Analysis: Perseverance rover set for nail-biting landing on Mars – here’s the rocket science
18 February 2021
Professor Andrew Coates (UCL Space & Climate Physics) explains how the Perseverance rover will land on Mars, a risky process made harder by the fact that it must be done completely autonomously.
Following “seven minutes of terror” after it reaches Mars’ upper atmosphere, Nasa’s Perseverance rover is expected to land on the surface of the red planet at 20:55 GMT on February 18. This is incredibly hard to do, with only about 40% of missions succeeding.
As a member of the team that built the European Space Agency’s Rosalind Franklin rover (we made the PanCam, the camera “eyes” of the rover), which will set off for Mars next year, I will be holding my breath during the landing. There’s so much at stake. Not only could the mission unveil some of Mars’ best-kept secrets, and be a key part of future exploration to return a Mars sample back to Earth, it could also have important lessons for landing Rosalind Franklin.
The appropriately named Perseverance soared into the Florida morning sky on an Atlas V rocket on July 30 2020, in the midst of a global pandemic for Earthlings. This was the start of a nearly 500 million kilometre journey to the red planet, with the car-sized rover, and a helicopter called Ingenuity, aboard.
Its destination is the Jezero crater – a 45km-wide basin, with an old, dry river delta, cliffs, dunes and boulder fields - where it will search for signs of ancient, primitive life on the martian surface. Of course it’s not impossible it could find current life too, if there is any. Perseverance will also collect samples that another mission will retrieve and return to Earth in the late 2020s. This will be the first attempt to take off from the surface of another planet.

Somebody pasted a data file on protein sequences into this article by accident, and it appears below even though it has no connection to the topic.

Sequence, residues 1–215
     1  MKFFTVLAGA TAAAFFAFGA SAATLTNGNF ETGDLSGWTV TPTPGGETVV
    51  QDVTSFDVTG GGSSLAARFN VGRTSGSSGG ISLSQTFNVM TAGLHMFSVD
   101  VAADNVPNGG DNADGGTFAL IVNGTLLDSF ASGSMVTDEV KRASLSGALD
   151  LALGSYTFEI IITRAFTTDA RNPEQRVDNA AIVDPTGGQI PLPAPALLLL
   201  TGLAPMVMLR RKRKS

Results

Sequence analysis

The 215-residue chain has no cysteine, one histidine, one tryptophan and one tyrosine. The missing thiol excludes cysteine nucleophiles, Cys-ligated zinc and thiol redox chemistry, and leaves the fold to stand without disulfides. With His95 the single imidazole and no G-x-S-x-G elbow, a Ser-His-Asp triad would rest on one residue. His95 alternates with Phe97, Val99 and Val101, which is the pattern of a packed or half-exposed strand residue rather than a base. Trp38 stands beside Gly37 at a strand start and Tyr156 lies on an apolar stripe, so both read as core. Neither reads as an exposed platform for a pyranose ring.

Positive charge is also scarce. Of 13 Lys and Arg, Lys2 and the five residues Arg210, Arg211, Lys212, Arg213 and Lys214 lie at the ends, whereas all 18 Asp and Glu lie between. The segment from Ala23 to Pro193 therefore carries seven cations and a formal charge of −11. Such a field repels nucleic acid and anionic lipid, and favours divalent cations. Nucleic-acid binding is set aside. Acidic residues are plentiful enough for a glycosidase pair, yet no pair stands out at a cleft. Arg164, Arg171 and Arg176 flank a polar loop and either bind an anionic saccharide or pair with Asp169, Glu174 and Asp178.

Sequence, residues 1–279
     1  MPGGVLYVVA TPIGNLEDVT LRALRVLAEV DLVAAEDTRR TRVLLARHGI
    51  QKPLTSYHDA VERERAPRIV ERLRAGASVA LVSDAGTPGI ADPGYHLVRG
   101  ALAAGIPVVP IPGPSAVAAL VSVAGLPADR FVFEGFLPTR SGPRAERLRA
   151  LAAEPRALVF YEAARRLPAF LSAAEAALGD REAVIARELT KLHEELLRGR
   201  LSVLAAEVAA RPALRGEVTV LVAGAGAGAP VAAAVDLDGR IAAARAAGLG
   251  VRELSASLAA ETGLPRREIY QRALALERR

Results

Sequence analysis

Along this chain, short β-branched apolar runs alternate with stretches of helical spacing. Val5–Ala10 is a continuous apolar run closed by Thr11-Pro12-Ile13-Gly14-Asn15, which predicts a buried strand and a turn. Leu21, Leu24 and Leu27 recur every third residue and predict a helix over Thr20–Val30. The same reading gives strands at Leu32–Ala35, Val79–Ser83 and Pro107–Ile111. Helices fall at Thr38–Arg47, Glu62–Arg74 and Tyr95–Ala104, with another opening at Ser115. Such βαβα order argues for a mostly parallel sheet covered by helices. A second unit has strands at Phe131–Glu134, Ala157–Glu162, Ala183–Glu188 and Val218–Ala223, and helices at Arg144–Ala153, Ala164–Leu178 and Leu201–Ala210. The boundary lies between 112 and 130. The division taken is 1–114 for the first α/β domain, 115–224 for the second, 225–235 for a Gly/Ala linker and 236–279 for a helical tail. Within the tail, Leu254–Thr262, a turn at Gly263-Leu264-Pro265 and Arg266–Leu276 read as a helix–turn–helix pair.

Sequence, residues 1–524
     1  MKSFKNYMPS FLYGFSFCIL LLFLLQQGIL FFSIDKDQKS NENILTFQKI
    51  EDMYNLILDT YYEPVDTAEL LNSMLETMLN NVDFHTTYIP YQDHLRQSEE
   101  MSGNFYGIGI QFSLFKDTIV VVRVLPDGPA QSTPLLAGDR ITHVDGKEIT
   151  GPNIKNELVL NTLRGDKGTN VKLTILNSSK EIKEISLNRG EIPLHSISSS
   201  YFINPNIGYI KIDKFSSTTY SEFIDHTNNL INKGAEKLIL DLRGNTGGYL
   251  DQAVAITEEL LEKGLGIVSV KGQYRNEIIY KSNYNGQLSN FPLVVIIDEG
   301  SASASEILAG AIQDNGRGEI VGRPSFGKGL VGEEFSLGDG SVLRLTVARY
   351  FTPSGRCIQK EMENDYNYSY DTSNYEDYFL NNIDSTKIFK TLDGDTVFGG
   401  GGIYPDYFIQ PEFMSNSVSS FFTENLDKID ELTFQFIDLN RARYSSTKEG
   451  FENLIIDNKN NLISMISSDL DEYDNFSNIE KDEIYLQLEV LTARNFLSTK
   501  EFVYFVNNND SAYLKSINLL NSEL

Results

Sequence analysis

The reason it is hard to land on Mars is that the atmospheric pressure is so low that spacecraft move through it at enormous speeds unless they are slowed down. What’s more, the landing has to be done autonomously, without real-time contact with Earth. The landing sequence for Perseverance is an improved, more accurately targeted version of the “Skycrane” technique, which safely landed Nasa’s Curiosity rover in 2012.
The “seven minutes of terror” will start at 20:48 GMT when a protective “aeroshell” containing Perseverance, Ingenuity and a descent vehicle called “Skycrane” enters the Mars atmosphere at 19,500 km/h. Just over a minute later, the aeroshell will reach its maximum outer temperature, 1,300°C, due to friction with the upper atmosphere. Luckily, the front of the aeroshell is a protective heat shield.
At 20:52, a 21.5-metre parachute will deploy, and the heat shield will be ejected. Two minutes later, the back part of the shell will separate too. The Skycrane, descending at 2.7 km/h and powered by eight throttleable retrorockets, will then lower the rover on 7.6m nylon cords, from about 20m above the ground. When its speed has slowed down to 2.5km/h and the rover touches the surface, the cords will be severed. At 20:55 GMT Perseverance should land while Skycrane flies off into the sunset to a safe distance.